Daughter of Smoke and Bone by Laini Taylor
Daughter of Smoke and Bone, by Laini Taylor, is the first in what promises to be a breathtaking series. It focuses on a girl named Karou, a blue-haired art student in Prague who spends most of her time drawing monsters in dozens of sketchbooks. While she lives a semi-normal life at school, her home is decidedly not normal. She lives with her foster family of chimaera – what we would most likely consider to be monsters. There’s Issa, with her serpent body, the giraffe-necked Twiga, Yasri with a parrot-beak…but most important, there is Brimstone, her ‘father’. Brimstone has a rather curious business. He deals in teeth and wishes. Wishes come in denominations, you see, and he deals them out to people who bring him teeth. Though Karou uses the smaller level wishes, she doesn’t know what Brimstone does with the teeth. Karou doesn’t know anything about her past – where she came from, who her parents are, or why she is now living in Prague with a bunch of ‘monsters’, running errands for Brimstone.
This book has so much going on in it that it’s impossible to truly summarize it without ruining something. It’s a story about identity, about the battle between angels and devils, about romance and the hope that comes with feeling that someone loves you. Now take everything you know about all of these topics and throw it out the window. Taylor does an amazing job turning these typical stories into something fantastical, with so many twists and turns that you’ll never be able to guess what’s going to happen.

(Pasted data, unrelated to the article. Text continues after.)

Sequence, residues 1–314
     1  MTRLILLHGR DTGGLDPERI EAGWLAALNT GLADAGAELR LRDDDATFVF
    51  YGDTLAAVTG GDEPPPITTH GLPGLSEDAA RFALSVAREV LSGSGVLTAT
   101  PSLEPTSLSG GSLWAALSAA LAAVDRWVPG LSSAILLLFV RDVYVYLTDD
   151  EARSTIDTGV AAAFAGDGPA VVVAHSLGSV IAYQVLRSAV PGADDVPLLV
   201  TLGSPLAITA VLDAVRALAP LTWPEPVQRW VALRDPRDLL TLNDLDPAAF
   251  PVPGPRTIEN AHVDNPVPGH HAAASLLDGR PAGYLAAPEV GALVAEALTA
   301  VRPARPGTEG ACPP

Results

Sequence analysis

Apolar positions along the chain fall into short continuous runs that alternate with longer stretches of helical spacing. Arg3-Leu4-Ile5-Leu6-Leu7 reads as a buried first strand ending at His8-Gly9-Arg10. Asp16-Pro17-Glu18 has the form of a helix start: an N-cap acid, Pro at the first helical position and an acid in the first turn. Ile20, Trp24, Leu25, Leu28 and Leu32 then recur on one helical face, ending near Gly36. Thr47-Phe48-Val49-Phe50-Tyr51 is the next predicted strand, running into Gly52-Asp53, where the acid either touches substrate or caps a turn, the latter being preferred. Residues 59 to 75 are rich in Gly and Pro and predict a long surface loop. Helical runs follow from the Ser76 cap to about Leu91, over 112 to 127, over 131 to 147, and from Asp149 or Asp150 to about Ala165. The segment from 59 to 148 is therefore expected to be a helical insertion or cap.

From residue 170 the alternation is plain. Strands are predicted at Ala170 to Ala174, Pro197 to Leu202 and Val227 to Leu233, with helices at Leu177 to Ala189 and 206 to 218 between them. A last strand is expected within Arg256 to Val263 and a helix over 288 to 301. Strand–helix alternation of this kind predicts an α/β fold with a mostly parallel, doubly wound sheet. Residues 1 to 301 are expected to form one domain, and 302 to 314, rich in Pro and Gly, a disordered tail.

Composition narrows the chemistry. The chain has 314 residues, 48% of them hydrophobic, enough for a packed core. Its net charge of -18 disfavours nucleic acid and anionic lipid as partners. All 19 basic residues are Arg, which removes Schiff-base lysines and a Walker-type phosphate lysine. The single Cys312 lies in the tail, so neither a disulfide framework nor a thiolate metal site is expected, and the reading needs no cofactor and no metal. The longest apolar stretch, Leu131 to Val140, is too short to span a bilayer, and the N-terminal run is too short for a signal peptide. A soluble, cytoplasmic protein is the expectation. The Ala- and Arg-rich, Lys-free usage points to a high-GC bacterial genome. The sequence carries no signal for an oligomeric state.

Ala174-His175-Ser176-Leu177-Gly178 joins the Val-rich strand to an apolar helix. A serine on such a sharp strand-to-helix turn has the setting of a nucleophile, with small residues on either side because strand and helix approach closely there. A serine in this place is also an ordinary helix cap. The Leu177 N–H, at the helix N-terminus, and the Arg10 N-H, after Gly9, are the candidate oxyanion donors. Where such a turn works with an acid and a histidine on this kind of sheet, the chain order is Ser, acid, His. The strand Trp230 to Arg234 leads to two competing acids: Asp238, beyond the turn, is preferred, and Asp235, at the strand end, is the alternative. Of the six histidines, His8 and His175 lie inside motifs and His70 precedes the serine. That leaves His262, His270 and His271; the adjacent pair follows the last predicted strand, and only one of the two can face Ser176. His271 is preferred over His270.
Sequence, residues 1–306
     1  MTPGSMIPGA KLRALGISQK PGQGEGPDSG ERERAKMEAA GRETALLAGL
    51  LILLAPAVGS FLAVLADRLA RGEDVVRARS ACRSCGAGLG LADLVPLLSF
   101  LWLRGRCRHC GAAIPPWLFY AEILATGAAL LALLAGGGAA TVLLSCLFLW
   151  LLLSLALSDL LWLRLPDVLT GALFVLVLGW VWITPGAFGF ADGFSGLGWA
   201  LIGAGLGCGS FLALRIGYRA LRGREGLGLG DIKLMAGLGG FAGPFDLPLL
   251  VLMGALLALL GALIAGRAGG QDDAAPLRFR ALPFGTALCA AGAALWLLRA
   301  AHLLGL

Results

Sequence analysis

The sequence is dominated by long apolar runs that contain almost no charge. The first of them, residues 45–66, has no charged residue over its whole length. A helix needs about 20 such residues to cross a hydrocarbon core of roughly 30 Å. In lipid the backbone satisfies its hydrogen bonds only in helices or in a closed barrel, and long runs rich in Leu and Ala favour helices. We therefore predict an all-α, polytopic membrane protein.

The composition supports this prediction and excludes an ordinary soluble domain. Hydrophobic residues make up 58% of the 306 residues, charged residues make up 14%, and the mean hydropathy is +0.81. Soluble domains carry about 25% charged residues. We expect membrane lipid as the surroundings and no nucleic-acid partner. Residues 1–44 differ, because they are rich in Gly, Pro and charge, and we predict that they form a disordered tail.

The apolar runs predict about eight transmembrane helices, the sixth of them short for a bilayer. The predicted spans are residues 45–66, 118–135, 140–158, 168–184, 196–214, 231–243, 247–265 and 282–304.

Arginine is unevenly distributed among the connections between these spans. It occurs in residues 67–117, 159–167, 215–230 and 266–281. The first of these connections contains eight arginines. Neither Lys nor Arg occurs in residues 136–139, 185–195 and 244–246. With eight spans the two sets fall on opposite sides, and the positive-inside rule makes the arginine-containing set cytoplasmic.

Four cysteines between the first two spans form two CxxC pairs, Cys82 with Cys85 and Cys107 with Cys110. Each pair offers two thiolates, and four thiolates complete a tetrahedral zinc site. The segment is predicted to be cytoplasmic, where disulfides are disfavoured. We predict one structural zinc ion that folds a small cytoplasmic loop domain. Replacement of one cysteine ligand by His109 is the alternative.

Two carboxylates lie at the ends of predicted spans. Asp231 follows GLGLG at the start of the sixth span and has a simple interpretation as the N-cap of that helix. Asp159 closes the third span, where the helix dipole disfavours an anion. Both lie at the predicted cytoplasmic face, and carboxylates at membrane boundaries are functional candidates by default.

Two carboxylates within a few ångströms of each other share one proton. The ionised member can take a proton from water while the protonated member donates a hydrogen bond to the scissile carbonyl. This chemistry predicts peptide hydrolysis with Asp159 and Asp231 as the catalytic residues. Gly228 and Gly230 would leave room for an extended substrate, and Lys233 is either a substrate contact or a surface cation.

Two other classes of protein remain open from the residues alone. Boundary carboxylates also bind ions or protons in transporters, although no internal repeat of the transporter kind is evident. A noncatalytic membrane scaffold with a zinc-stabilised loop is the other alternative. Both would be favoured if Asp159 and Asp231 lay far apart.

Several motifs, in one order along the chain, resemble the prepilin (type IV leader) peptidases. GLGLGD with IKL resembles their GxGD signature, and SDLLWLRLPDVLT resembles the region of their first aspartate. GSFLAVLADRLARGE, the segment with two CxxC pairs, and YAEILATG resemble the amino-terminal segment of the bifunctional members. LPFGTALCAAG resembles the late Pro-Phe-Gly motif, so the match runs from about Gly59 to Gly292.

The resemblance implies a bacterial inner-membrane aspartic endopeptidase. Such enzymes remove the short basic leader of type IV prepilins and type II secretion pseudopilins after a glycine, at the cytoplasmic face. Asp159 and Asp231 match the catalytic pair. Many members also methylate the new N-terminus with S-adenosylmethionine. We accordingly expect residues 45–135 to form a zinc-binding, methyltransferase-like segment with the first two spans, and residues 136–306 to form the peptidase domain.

In fact, Taylor summarizes the book best on the first page:
an angel and a devil fell in love.
It did not end well.”
The next four hundred or so pages tell this story.
I can’t review this book without talking about how beautiful the writing is. If you’ve ever read her book Lips Touch: Three Times (which if you haven’t, you should) you’ll understand. Taylor has a way with words unlike any author I’ve ever read. From the elaborate descriptions of the city to the detailed, heart-pounding pages of fighting, everything Taylor writes is lyrical, ethereal, and unforgettable.
Not only is the writing outstanding, the worldbuilding is extremely complex. Without spoiling anything, Taylor did a beautiful job not only recreating Prague and the other cities Karou visits, but detailing the other worlds as well. The difference facets of the chimaera and the Seraphim were incredibly in-depth, especially when it came to the value of wishes.
Honestly, the only bad thing about this book was that it had to end! Lucky for us, there isn’t too long of a wait before the sequel comes out – it’s projected to be released September of 2012, which gives you plenty of time to read it. ;)